For the Victory Garden Fans and History Buffs

A vintage school garden poster

 

A few weeks back I had a guest post by Rose Hayden-Smith. Now there’s a new post up over at Seasonal Wisdom,  an interview with Rose.

Here’s a snippet:

SW: How did you learn about this army of student gardeners? Is it very well-known?

Rose: I learned about it by chance in an obscure reference in an article by O.L. Davis, probably in the fall of 2002. I was immediately hooked. Why had no one heard about this or written anything but a short article?

SW: What did you find the most fascinating about this national group of student gardeners?

Rose: Several things. The United States School Garden Army was likely the first federal curriculum from the nation’s Bureau of Education, and it elevated gardening and food production – and education about that – to an act of vital importance to national security, an act of civic virtue, of patriotism … all within the context of wartime.

Good stuff here for history buffs, gardeners and homeschoolers. Read more here.

 

Advertisements
For the Victory Garden Fans and History Buffs

There’s a New Edible Garden Book by Niki Jabbour that You Might Want to Read

Niki Jabbour's "Groundbreaking Food Gardens" by Storey Publishing, 2014

FTC Disclosure: This post contains an Amazon Affiliate link.*

Niki Jabbour has a new book out, Groundbreaking Food Gardens (Storey Publishing, 2014), and the Toronto Star has a nice write-up on it:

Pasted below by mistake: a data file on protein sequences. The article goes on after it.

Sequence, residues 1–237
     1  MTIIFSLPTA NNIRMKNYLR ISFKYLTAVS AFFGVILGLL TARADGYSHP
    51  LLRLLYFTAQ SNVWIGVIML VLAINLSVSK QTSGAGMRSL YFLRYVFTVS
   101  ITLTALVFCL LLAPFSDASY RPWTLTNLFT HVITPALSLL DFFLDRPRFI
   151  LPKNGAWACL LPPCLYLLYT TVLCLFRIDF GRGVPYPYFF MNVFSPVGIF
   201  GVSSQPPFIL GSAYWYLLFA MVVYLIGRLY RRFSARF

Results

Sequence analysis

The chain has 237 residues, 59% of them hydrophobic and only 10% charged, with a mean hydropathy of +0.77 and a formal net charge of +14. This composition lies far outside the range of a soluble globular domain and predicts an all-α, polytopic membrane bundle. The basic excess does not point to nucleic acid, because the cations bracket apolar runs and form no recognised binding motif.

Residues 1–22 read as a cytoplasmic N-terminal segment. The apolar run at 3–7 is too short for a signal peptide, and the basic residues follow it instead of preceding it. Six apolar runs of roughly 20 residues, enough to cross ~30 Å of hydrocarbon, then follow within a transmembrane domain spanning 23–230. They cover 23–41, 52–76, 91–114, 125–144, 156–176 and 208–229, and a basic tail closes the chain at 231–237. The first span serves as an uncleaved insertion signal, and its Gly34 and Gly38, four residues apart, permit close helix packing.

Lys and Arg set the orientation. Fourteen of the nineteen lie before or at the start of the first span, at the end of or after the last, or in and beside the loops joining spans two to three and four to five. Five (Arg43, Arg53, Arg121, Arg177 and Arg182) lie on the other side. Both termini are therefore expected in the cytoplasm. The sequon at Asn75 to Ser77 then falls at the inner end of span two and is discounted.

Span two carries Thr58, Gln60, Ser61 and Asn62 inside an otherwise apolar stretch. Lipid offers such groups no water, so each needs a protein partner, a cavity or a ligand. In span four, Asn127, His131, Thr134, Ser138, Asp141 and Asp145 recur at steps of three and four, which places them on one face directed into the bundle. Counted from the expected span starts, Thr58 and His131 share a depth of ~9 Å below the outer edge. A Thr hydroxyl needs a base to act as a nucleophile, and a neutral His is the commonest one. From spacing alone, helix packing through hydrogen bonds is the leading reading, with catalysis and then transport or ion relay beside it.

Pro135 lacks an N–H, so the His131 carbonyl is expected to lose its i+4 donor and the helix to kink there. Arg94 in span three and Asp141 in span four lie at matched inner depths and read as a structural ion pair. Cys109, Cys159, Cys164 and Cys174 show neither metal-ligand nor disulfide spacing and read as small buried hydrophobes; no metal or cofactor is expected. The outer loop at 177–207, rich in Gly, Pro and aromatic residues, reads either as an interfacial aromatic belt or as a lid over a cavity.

Jabbour, who lives in Nova Scotia, spent two years “stalking” (her word) a who’s who of horticultural honchos across North America, asking them for suggestions. Almost every person she contacted was eager to co-operate and the results are rather mind-boggling. Her book contains no fewer than 73 detailed garden plans with specific “themes” — yes, 73 — and they’re all centred on things we can eat. [More]

The book sounds terrific and worth a read–if for no other reason than to check out the “hot dog garden” theme by Amanda Thomsen of the popular, divinely unconventional garden blog, Kiss My Aster.

*Basically, if you purchase the book mentioned in this post via Amazon.com–in print or via Kindle, then I receive a teeny-tiny bit of money for the transaction. Mostly, however, I include the link to help you locate the book. 

Image source

There’s a New Edible Garden Book by Niki Jabbour that You Might Want to Read